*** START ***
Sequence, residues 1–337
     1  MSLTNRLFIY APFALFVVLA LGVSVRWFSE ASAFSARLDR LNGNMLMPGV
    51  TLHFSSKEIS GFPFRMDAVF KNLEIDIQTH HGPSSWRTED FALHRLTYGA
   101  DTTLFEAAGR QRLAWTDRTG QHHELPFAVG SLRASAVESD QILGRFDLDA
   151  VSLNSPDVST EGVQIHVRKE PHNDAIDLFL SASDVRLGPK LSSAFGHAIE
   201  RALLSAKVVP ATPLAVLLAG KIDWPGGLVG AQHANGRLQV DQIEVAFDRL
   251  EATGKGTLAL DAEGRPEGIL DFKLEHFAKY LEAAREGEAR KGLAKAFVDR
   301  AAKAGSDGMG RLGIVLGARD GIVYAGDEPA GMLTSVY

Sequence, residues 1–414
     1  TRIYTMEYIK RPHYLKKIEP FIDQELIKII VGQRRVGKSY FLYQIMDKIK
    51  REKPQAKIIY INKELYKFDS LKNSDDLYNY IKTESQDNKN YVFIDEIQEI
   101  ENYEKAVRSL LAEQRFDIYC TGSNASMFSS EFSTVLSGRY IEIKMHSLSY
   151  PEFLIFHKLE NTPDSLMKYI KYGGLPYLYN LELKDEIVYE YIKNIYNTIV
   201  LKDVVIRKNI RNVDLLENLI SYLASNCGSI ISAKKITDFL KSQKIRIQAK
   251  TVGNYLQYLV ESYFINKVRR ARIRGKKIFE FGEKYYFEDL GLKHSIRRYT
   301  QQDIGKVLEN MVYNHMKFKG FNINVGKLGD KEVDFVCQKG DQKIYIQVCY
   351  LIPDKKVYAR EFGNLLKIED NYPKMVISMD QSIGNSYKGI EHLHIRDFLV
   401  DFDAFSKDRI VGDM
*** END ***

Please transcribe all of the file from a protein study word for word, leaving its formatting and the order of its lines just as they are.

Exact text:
Sequence, residues 1–337
     1  MSLTNRLFIY APFALFVVLA LGVSVRWFSE ASAFSARLDR LNGNMLMPGV
    51  TLHFSSKEIS GFPFRMDAVF KNLEIDIQTH HGPSSWRTED FALHRLTYGA
   101  DTTLFEAAGR QRLAWTDRTG QHHELPFAVG SLRASAVESD QILGRFDLDA
   151  VSLNSPDVST EGVQIHVRKE PHNDAIDLFL SASDVRLGPK LSSAFGHAIE
   201  RALLSAKVVP ATPLAVLLAG KIDWPGGLVG AQHANGRLQV DQIEVAFDRL
   251  EATGKGTLAL DAEGRPEGIL DFKLEHFAKY LEAAREGEAR KGLAKAFVDR
   301  AAKAGSDGMG RLGIVLGARD GIVYAGDEPA GMLTSVY

Sequence, residues 1–414
     1  TRIYTMEYIK RPHYLKKIEP FIDQELIKII VGQRRVGKSY FLYQIMDKIK
    51  REKPQAKIIY INKELYKFDS LKNSDDLYNY IKTESQDNKN YVFIDEIQEI
   101  ENYEKAVRSL LAEQRFDIYC TGSNASMFSS EFSTVLSGRY IEIKMHSLSY
   151  PEFLIFHKLE NTPDSLMKYI KYGGLPYLYN LELKDEIVYE YIKNIYNTIV
   201  LKDVVIRKNI RNVDLLENLI SYLASNCGSI ISAKKITDFL KSQKIRIQAK
   251  TVGNYLQYLV ESYFINKVRR ARIRGKKIFE FGEKYYFEDL GLKHSIRRYT
   301  QQDIGKVLEN MVYNHMKFKG FNINVGKLGD KEVDFVCQKG DQKIYIQVCY
   351  LIPDKKVYAR EFGNLLKIED NYPKMVISMD QSIGNSYKGI EHLHIRDFLV
   401  DFDAFSKDRI VGDM